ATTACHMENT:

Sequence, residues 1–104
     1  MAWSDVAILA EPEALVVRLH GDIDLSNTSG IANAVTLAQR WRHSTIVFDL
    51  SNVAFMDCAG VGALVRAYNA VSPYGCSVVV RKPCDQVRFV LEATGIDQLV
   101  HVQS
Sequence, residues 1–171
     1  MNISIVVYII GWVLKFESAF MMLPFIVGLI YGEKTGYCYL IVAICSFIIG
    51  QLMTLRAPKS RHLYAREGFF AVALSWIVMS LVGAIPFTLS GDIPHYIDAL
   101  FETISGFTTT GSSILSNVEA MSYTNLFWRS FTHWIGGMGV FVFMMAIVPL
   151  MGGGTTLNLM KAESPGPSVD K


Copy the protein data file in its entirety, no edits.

Sequence, residues 1–104
     1  MAWSDVAILA EPEALVVRLH GDIDLSNTSG IANAVTLAQR WRHSTIVFDL
    51  SNVAFMDCAG VGALVRAYNA VSPYGCSVVV RKPCDQVRFV LEATGIDQLV
   101  HVQS
Sequence, residues 1–171
     1  MNISIVVYII GWVLKFESAF MMLPFIVGLI YGEKTGYCYL IVAICSFIIG
    51  QLMTLRAPKS RHLYAREGFF AVALSWIVMS LVGAIPFTLS GDIPHYIDAL
   101  FETISGFTTT GSSILSNVEA MSYTNLFWRS FTHWIGGMGV FVFMMAIVPL
   151  MGGGTTLNLM KAESPGPSVD K